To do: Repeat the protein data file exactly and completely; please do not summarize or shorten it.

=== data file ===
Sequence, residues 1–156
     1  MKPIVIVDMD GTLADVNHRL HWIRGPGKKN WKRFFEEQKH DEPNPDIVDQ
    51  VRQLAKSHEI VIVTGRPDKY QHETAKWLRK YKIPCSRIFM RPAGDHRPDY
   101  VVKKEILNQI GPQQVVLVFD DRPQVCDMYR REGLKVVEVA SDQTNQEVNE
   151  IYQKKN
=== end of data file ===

Sequence, residues 1–156
     1  MKPIVIVDMD GTLADVNHRL HWIRGPGKKN WKRFFEEQKH DEPNPDIVDQ
    51  VRQLAKSHEI VIVTGRPDKY QHETAKWLRK YKIPCSRIFM RPAGDHRPDY
   101  VVKKEILNQI GPQQVVLVFD DRPQVCDMYR REGLKVVEVA SDQTNQEVNE
   151  IYQKKN